The Age of Absolutism in France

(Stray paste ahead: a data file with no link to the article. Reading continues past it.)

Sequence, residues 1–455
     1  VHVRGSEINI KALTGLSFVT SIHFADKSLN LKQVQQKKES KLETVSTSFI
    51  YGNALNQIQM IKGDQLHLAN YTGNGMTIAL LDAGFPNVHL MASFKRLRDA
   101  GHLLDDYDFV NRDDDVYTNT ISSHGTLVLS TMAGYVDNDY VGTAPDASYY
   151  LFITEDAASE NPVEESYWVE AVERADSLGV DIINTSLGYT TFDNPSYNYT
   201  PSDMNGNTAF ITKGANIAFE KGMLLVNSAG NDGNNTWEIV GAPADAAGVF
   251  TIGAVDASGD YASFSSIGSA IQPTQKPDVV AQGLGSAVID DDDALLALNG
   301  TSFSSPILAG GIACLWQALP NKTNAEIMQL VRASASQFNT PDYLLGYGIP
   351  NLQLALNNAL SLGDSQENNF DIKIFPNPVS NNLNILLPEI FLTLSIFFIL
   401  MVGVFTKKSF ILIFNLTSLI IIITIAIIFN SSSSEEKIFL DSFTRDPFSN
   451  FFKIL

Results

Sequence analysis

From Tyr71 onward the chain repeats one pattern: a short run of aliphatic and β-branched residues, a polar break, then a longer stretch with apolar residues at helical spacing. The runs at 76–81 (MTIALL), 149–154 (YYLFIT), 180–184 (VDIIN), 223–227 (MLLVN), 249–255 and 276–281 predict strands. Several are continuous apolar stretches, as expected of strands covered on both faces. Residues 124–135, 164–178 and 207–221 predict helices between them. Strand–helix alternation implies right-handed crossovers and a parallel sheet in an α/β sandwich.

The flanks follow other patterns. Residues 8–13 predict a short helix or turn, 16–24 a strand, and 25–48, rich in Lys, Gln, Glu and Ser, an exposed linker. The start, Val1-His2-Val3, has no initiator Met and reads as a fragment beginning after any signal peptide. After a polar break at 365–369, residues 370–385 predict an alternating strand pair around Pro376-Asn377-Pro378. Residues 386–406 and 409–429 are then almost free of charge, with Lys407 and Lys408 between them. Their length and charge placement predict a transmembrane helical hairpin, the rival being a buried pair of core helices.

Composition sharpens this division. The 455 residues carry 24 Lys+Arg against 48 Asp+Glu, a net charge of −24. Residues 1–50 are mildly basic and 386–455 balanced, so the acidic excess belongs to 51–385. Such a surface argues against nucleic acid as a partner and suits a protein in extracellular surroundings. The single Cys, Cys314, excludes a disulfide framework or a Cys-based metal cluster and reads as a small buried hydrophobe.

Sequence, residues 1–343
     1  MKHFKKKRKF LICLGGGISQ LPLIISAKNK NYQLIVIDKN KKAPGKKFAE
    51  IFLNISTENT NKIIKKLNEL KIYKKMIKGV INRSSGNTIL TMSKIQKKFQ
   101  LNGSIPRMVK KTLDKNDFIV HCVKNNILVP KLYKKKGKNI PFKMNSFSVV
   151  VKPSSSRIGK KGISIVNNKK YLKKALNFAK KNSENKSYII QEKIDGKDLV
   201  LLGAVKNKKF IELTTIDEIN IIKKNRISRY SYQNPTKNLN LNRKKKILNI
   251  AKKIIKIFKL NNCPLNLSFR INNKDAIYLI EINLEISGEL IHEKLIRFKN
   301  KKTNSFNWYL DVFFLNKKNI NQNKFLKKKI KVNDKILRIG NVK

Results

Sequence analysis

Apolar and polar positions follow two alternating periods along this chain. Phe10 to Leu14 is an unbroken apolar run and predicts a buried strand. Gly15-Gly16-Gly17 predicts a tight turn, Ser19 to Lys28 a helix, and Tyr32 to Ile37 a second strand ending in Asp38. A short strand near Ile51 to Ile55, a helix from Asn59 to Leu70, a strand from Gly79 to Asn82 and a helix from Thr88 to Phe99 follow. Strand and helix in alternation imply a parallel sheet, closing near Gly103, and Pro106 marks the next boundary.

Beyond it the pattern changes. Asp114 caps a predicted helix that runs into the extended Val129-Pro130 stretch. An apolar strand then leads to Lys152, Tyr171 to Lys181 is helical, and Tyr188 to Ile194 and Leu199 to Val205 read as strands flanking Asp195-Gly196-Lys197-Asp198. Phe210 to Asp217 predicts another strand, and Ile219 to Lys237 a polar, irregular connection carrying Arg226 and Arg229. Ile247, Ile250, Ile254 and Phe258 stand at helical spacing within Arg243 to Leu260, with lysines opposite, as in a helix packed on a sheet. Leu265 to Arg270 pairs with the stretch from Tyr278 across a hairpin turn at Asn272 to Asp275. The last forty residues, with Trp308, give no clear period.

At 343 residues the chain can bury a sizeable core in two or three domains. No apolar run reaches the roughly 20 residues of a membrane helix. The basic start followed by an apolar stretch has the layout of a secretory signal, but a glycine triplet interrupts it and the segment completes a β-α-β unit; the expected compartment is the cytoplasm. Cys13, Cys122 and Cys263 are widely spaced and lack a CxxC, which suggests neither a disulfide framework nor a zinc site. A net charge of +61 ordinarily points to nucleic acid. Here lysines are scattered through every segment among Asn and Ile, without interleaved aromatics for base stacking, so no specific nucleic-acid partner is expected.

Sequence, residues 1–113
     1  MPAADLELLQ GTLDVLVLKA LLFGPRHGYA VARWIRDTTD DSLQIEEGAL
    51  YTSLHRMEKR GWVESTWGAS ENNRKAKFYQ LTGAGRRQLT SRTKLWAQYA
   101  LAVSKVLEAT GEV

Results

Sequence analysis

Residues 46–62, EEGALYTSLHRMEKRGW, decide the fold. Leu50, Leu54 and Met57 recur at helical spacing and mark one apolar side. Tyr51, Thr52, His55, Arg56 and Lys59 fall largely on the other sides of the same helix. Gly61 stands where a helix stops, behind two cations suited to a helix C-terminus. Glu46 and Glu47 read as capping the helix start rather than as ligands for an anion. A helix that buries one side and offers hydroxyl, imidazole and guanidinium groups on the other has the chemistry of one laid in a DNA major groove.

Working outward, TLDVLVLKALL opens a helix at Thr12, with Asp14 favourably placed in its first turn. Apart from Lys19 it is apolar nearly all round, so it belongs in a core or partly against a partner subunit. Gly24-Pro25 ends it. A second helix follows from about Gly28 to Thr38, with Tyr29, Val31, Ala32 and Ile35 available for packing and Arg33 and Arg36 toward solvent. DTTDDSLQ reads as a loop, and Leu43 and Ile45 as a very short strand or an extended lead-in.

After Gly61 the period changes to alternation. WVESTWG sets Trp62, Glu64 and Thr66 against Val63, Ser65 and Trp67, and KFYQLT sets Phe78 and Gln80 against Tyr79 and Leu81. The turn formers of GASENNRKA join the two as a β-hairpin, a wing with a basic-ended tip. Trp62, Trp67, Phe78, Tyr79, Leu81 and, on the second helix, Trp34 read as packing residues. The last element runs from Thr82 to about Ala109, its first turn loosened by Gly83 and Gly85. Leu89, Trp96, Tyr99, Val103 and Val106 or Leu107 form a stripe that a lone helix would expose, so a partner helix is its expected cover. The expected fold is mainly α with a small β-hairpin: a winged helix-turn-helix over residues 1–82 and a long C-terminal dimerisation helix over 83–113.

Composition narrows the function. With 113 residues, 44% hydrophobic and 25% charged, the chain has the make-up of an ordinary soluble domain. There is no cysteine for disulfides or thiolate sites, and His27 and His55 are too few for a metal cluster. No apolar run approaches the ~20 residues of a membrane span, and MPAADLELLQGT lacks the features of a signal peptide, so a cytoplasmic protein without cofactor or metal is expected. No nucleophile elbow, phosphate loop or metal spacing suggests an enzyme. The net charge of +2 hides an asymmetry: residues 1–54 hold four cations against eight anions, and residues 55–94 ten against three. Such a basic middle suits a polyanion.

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Absolutism in France (Order #A2068670) European monarchs did not simply emerge on the scene as absolute rulers but slowly acquired supreme power over a long period of time. This interest in becoming absolute rulers infected the European monarchs, becoming particularly acute during the religious wars of the 16th century. As a result of the chaos and destruction, the kings of Europe began to consolidate power into a centralized system with the monarch at the top. By the beginning of the 17th century a number of European countries had monarchs who exercised absolute power over their kingdoms. One of the largest and most populated countries in Western Europe during this time was France, which slowly centralized governmental power in the hands of a single monarch. France has often been considered to be one of the best examples of how a monarchy assumed centralized and absolute power; ushering in the Age of Absolutism. Louis XIV of France is often referred to as the "Sun King" and is a prime example of a European monarch who exercised absolute power. However, absolutism in France did not begin with Louis XIV, but with his grandfather and founder of the Bourbon Dynasty, Henry IV. It was Henry IV who began the centralization of power by keeping France at peace during most of his reign by tolerating Protestants. During this time he also strengthened the monarchy's finances by charging royal officials a fee to inherit their positions. He also lowered taxes in an effort to rebuild
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